The Weak Mordell-Weil Theorem

Let A be an abelian variety over a field K. A basic object to investigate is the group A(K). Let K be a number field. In light of the Birch and Swinnerton-Dyer conjecture and it’s relation to the class number formula, one should think of A(K) as the analog of the class group of a global field.

Thus, one might conjecture some finiteness properties of this group. It is not true that A(K) is finite as can bee seen by looking at some examples of elliptic curves but it is true that A(K) is finitely generated as an abelian group and this is the content of the Mordell-Weil Theorem.

The proof is usually broken up into two parts:

  • Weak Mordell-Weil Theorem: A(K)/nA(K) is finite for any integer n.
  • Descent using a Height Function: Deduce the full theorem from the above using a measure of size on the points of A(K).

I will focus on the first part in this section and prove it in a motivated (but sophisticated) fashion. This proof will also differ from the standard proofs in trading in for classical algebraic number theory  results (finiteness of class group and finite generation of unit group) for class field theory. This will greatly simplify the second half of the proof.

I will make free use of general theory about Abelian Varieties, Algebraic geometry and Galois Cohomology. The point of this post is not to fill in the details but to show a framework that makes the proof seem natural.


The Kummer Sequence:

Recall that K is a number field and A is an abelian variety over it. I will denote by A[n] the kernel of the multiplication by n map on A. I will often identify A,A[n] with the \overline K points of A,A[n] respectively. Also denote by G_K the Galois group of \overline K over K.

Now, we can consider the exact sequence of G_K modules:

0 \to A[n](\overline K) \to A(\overline K) \xrightarrow{\times n} A(\overline K) \to 0

Taking Galois invariants, we get the long exact sequence:

0\to A[n](K) \to A(K) \xrightarrow{\times n} A(K) \to H^1(G_K, A[n](\overline K)) \to \dots

and truncating the series, we have an injection:

0 \to A(K)/nA(K) \to H^1(G_K,A[n](\overline K)).

So, we now see that to show that A(K)/nA(K) is finite, we simply need to show that H^1(G_K, A[n](\overline K)) is finite. Unfortunately, this is not true! However, we will show that A(K)/nA(K) actually lands in a subgroup of the cohomology group and this subgroup can easily be shown to be finite.


Ramification of Galois Cohomology groups:


A little more precisely, let S be a finite set of primes of K and G_{K,S} the Galois group of the extension of K that is unramified away from S. In other words, for a prime \mathfrak p not in S with inertia group I_{\mathfrak p} \subset G_K, I_{\mathfrak p} is in the kernel of the quotient map G_K \to G_{K,S} and this characterizes G_{K,S}.

We want to show that there is a finite set of primes S such that the image of A(K)/nA(K) lands in H^1(G_{K,S}, A[n](\overline K)) (Note that this is a canonical subgroup of H^1(G_{K}, A[n](\overline K)) by the restriction map. ) This is by far the hardest part of the proof:


Controlling the image of the boundary map:


To do this, let us examine the first boundary map in the Kummer sequence more closely. For an element x \in A(K), the boundary map takes x to a cocycle f_x in the following way:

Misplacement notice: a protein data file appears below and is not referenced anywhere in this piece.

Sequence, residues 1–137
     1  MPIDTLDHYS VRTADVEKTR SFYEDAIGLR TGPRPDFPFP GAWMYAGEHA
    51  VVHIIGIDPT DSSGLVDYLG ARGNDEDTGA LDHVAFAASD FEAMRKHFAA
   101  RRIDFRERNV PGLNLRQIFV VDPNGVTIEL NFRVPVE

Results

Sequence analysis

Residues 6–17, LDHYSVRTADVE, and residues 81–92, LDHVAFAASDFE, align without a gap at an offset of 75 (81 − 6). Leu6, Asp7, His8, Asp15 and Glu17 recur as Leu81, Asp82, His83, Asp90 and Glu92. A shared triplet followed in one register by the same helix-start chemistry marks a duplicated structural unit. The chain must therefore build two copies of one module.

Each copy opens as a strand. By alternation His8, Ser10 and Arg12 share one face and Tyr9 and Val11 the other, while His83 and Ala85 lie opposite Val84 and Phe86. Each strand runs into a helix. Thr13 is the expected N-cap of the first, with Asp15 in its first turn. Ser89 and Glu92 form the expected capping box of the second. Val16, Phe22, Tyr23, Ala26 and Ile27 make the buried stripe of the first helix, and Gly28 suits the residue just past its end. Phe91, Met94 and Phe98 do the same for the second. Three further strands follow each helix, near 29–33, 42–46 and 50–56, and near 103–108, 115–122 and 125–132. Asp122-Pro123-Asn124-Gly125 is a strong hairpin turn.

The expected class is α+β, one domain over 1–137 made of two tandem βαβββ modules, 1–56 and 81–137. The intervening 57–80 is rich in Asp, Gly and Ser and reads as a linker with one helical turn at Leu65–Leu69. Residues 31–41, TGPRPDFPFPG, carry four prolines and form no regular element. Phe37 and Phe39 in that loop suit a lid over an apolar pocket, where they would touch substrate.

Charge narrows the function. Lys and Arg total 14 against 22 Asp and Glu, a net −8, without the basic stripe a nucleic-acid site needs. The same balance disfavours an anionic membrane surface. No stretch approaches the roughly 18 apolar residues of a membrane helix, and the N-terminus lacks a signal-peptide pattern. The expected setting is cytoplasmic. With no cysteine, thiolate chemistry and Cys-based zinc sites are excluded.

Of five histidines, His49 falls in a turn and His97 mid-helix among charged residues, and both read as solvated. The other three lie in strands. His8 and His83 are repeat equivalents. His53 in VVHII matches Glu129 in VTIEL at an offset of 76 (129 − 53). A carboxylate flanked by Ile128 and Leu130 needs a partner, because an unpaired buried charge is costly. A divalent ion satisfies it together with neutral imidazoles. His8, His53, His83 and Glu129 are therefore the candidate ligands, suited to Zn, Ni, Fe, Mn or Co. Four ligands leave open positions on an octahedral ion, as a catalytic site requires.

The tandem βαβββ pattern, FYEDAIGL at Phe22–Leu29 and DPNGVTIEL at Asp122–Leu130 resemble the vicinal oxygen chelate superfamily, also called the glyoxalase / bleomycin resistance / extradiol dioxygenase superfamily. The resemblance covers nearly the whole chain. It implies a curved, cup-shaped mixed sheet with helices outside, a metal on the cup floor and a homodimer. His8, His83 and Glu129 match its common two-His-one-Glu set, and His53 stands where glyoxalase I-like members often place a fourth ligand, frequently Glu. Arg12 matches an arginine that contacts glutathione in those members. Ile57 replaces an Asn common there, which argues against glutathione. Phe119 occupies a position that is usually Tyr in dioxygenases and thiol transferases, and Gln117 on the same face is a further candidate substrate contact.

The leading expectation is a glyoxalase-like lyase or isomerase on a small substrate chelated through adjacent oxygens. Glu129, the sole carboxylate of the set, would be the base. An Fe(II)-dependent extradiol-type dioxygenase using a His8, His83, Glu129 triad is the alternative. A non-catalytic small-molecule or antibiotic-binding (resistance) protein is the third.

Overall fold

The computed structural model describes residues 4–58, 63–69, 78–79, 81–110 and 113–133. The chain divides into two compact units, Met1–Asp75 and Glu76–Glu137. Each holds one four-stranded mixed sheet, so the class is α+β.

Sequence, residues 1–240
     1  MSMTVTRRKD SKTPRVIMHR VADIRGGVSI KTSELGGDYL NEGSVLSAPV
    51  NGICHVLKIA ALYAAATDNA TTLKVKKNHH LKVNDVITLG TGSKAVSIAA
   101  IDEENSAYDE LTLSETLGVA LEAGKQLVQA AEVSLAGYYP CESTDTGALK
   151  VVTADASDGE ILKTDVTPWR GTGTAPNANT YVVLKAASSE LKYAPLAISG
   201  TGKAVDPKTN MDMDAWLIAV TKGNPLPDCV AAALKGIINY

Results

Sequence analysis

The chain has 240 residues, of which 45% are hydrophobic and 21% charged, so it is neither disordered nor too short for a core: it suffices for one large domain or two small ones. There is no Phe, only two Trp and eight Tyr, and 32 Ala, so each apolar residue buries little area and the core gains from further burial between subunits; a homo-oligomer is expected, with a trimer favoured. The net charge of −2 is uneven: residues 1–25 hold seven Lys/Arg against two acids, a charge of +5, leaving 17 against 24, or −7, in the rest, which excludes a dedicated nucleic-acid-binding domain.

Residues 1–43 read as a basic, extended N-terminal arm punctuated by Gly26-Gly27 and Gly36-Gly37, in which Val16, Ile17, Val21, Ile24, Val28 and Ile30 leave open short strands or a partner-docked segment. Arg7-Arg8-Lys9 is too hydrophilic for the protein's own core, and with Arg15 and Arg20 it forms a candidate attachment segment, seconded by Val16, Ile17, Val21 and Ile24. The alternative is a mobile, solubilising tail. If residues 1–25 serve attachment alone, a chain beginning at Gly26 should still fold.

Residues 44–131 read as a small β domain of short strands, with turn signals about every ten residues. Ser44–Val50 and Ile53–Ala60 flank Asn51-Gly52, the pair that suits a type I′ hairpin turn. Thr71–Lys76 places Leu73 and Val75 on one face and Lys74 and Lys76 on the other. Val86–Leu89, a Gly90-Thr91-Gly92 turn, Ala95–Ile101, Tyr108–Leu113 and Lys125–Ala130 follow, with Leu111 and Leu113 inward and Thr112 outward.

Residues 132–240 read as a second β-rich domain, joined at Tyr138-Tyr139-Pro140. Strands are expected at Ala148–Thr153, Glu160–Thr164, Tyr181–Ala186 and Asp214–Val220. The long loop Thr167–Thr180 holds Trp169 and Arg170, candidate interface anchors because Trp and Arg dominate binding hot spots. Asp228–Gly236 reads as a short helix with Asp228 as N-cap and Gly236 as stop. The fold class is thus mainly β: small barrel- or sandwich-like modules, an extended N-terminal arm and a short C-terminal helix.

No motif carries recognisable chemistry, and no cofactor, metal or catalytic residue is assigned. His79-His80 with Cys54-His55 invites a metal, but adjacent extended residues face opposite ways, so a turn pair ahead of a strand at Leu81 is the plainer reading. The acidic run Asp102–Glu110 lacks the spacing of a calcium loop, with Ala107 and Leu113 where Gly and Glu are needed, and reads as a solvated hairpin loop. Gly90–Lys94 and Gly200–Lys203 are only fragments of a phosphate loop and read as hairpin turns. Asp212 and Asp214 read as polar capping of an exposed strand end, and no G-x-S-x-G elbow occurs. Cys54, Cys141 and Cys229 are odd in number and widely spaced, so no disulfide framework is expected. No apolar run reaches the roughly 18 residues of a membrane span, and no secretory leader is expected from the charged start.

Pick a y \in A(\overline K) such that ny=x and define f_x(g) = gy - y. One can check that this is independent of the choice of y and that it is indeed a cocycle.

Now we see that for the image to land in H^1(G_{K,S}, A[n](\overline K)), we need to be able to find, for each x \in A(K), a y \in A(K), ny = x such that the inertia groups at primes away from S fix y. Equivalently, we want y to lie in an extension of K unramified away from S. However, this follows immediately from the following observation:

Away from S, the multiplication by n map on a model of A over \mathcal O_{K,v} is unramified. This can be checked over the special and generic fiber of \mathcal O_{K,v} since the multiplication by n map acts on the tangent spaces by literally multiplying by n (which is a unit away from S).

In particular, the fiber of a point P in A(K)  lies in an extension unramified outside of S and the fiber consists precisely of points Q such that nQ = P. This is precisely what we were required to prove.

We are done with harder part and only need to show:


Finiteness of H^1(G_{K,S}, A[n](\overline K)):


Since there are only finitely many points in A[n](K) and A[n] is etale over a residue field away from S, we can find a finite, unramified away from S, extension L of K that splits H^1(G_{K,S}, A[n](\overline K)). That is, H^1(G_{L,S}, A[n](\overline K)) = Hom(G_{L,S}, A[n](\overline K)). Moreover, this is finite by Class field theory since we are looking for abelian extensions with bounded degree and ramification only at a finite number of predetermined points (and hence bounded ramification at these points).

Now, the rest of the proof follows easily on considering the inflation-restriction sequence:

 0 \to  H^1(G_{L,S}, A[n](\overline K)) \to H^1(G_{K,S}, A[n](\overline K)) \to H^1(Gal(L/K), A[n](\overline K))

The first set is finite as discussed above while the third group is finite since both the group and the module are finite. This establishes finiteness in the middle as required.



Closing Thoughts:


I find that this proof clarifies the role of class field theory versus the Elliptic Curve machinery. Furthermore, the usual proofs proceed by using both the finiteness of the class group and finite generation of the unit group in an essential way. This makes the analysis fairly complicated but it does have the advantage of not using any class field theory.

The proof here instead trades some complexity by using class field theory instead of more elementary algebraic number theory. This makes the final part of the proof almost trivial and the idea clearer.




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